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Prep tennis: Thirsting with pride

Cents senior will represent Saugus before fighting for his country

Posted: May 10, 2011 1:55 a.m.
Updated: May 10, 2011 1:55 a.m.

After graduation, Saugus senior tennis player Sagie Mofsowitz plans to move back to his native Israel and join the army. First, he’ll represent Saugus in the postseason.

 

Competing in Foothill League tennis at the varsity level is no picnic.

Like any other sport, it requires countless hours of practice and repetition. It takes both physical skill and mental toughness.

Saugus senior Sagie Mofsowitz possesses all these qualities — enough to have earned him a spot as a starting singles player on the team.

And yet, at age 17 and with roughly five years of experience at the sport, Mofsowitz doesn’t consider himself a tennis player.

“I see myself as someone who is better from a tennis experience and I wouldn’t regret anything I’ve ever done,” Mofsowitz says. “I see myself as a student. I see myself as soldier.”

He points to players like Valencia’s J.R. Macalutas and Canyon’s Jason Ferlianto as what he considers tennis players. In other words, those two, who happen to be the last two Foothill League individual singles champions, have aspirations of competing at the next level.

Mofsowitz has other plans.

After graduation, he plans to move back to his birthplace and join the Israeli army.

He made the decision recently, as he began to invest more and more time into the local Jewish community.

Though his family moved to the United States when Mofsowitz was just two months old, he’s always maintained a high level of cultural pride.

“A little part of him was always (in Israel),” says Sagie’s mother, Hagit. “He came over at a very young age. For some reason, a little part of him was always over there.”

The idea came to him last summer when his classmates started applying to college and making other post-high school plans.

In Israel, all citizens are required to serve at least three years in the armed services when they reach age 18. As a dual citizen of the United States and Israel, Mofsowitz feels it’s his duty to do the same. Both his mother and father, Ram, served in the 1980s.

Since the decision, Sagie has expanded his involvement in the synagogue, Congregation Beth Shalom, one of the Santa Clarita Valley’s only Jewish places of gathering.

He teaches grade-school kids Hebrew three times a week at Congregation Beth Shalom, in addition to his usual once-a-week prayer and sometimes rigorous tennis schedule.

“There have been some time conflicts, but I know that Sagie really cares about (his religion) and he really cares about tennis,” says Saugus tennis head coach Allan Hardbarger. “Sometimes as a coach, you have to let a guy do what’s right.”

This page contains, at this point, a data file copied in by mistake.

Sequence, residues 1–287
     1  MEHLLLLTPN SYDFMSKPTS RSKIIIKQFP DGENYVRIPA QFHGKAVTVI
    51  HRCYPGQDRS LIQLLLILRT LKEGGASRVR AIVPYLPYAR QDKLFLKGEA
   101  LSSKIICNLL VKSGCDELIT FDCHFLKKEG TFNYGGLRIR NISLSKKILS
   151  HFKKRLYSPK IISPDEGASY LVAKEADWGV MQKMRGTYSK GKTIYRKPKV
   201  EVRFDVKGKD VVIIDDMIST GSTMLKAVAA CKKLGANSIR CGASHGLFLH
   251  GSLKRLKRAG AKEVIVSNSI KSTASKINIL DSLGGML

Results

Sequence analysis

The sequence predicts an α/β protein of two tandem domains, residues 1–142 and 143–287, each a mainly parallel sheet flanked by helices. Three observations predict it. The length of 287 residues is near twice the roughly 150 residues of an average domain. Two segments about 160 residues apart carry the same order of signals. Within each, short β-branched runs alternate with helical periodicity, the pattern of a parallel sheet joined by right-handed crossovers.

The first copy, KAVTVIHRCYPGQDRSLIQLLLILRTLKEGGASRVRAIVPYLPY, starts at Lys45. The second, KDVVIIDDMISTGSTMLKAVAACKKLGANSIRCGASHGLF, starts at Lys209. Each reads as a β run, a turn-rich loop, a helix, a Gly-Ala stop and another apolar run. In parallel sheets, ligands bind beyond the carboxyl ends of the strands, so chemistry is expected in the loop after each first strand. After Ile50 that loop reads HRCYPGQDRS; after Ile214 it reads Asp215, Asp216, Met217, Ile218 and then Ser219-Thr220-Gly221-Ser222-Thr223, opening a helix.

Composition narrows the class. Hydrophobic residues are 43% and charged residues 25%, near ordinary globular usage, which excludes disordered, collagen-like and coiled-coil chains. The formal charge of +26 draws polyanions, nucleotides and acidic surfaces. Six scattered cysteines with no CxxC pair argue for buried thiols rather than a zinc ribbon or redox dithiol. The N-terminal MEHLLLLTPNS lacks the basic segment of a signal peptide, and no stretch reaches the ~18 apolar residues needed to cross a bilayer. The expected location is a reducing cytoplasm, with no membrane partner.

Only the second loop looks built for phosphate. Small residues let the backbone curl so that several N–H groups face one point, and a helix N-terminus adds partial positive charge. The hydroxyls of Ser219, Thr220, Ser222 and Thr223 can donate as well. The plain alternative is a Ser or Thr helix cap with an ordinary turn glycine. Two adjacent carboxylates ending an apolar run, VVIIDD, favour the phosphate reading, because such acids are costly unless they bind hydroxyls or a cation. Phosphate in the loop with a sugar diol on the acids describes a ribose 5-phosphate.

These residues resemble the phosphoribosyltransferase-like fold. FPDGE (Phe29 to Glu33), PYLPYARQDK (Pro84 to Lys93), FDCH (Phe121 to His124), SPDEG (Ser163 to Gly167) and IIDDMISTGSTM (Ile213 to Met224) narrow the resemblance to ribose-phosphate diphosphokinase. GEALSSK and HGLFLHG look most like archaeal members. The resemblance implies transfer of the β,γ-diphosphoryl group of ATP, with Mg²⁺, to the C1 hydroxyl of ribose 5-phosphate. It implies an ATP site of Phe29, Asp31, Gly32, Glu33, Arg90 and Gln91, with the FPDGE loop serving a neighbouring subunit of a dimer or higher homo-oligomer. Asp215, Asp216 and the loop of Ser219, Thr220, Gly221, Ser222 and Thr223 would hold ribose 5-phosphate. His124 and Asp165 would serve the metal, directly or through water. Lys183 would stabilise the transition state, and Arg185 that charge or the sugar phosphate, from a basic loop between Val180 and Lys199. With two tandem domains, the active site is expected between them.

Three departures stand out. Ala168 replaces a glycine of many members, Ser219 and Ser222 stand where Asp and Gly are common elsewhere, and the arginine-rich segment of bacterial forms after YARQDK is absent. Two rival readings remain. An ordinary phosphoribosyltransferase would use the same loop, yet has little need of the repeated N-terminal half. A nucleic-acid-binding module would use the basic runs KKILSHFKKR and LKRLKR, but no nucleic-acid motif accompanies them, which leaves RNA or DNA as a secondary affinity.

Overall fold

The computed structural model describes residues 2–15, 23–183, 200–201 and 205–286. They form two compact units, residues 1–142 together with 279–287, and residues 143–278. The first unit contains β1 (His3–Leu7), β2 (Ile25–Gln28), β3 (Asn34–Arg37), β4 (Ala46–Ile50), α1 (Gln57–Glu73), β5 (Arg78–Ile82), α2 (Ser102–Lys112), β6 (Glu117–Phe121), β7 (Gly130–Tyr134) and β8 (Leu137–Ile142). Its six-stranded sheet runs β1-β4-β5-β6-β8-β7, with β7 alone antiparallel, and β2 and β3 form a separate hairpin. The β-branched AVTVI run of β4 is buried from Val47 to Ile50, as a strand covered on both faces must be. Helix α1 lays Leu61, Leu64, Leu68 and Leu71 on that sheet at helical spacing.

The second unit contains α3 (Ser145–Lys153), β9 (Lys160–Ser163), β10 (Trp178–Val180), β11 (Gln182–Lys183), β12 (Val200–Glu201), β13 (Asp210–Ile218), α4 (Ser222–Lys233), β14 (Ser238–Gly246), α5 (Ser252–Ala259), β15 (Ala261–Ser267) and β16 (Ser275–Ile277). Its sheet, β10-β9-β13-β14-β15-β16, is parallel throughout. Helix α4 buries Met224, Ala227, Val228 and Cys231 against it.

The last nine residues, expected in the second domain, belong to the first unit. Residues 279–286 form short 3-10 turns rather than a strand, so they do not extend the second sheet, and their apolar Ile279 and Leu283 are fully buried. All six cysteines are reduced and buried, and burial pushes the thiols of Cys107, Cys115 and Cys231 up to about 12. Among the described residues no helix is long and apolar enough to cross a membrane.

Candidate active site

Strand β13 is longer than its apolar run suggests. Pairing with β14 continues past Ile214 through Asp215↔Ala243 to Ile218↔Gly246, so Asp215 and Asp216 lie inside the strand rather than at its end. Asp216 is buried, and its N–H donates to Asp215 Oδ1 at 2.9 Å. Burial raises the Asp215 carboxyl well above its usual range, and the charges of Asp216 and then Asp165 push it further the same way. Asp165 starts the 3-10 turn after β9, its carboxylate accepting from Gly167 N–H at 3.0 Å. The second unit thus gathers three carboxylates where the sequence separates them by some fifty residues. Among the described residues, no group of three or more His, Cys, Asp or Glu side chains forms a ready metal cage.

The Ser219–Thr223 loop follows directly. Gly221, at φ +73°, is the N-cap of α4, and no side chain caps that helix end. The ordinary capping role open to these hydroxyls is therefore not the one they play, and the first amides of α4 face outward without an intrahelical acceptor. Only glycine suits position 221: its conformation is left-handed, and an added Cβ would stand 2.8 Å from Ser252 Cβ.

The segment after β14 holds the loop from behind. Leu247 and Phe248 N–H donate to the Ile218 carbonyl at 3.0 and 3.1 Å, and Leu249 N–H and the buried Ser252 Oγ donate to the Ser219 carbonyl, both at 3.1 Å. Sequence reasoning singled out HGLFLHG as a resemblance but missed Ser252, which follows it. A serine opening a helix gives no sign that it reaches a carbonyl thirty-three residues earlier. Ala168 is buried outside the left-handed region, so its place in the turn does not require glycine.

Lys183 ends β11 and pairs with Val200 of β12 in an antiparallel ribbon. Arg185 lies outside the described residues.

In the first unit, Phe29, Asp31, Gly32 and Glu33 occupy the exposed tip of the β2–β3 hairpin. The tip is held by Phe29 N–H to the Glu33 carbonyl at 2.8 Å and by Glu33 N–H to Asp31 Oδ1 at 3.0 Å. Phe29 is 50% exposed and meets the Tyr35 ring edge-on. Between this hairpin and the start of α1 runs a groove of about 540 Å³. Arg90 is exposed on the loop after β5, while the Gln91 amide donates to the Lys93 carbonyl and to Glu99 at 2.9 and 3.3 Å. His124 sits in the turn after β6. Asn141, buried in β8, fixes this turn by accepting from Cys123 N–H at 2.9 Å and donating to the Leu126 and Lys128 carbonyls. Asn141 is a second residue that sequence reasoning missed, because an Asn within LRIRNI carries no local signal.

Even with the time conflicts, tennis has remained a priority for Sagie, especially during his senior season — which will soon include his first appearance in a CIF-Southern Section Division II playoff match.

He and a veteran group of players rallied late in the season to earn Saugus a third-place finish in league, thereby giving the team its first playoff berth since 1996.

Going in to the final match of the season, the Centurions were one game ahead of Hart and needed a win to clinch an automatic playoff bid.

That match against Hart on April 28 came down to the last couple of sets.

Sagie needed to win his final set of the afternoon against Hart’s No. 1 singles player, David Afework. After losing to Afework earlier in the season, Sagie changed his strategy and pulled off a 6-1 win to take the set, helping his team to a 10-8 overall victory.

“I guess it was more pressure on me personally because I just wanted to go out with a bang and win that set,” Sagie says.

That match capped off a regular season during which Sagie overcame early struggles in the transition from doubles to singles.

“He’s in a tough position, because he was primarily used in doubles for his freshman, sophomore and junior years,” Hardbarger says. “And this year, we really needed him in singles and he was able to step up and win some big sets for us.”

Though Sagie picked up the sport in eighth grade, he hasn’t had much formal training outside of the school’s coaches. His willingness to continuously improve has paid off every year for the lefty, who all but picked tennis randomly after he was cut from a seventh-grade basketball team.

“I got cut from my basketball team, and my mom told me I needed a sport,” Sagie says.

Once he did choose it, Sagie went into it head-first. That’s how he was taught to do things. That’s the environment he grew up with.

“I think sports are an important personality builder,” Hagit says. “I think it helps them build competitiveness. I think it makes them strong and makes them tough.”

It’s the same set of skills Hagit had to learn herself when she served in the Israeli military.

More than anything, though, Sagie wants to be accepted into the country he’s only visited a handful of times in his life.

“I really want to try to reduce that gap,” Sagie says. “I don’t want to be the special treatment guy. I don’t want to get special treatment where they say, ‘He gets an extra week off because he’s from America.”

The process is similar to the U.S. military. Sagie will first go through a few months of basic training before breaking into his unit for more specialized training. He’ll be required to serve three years, after which he says his plans are up in the air.

He hasn’t yet decided what unit to join.

He already has one unit to worry about right now — and it’s preparing for a playoff match.

“He loves being on the team,” Hardbarger says. “He loves being with the guys. It’s all about the team with him.”

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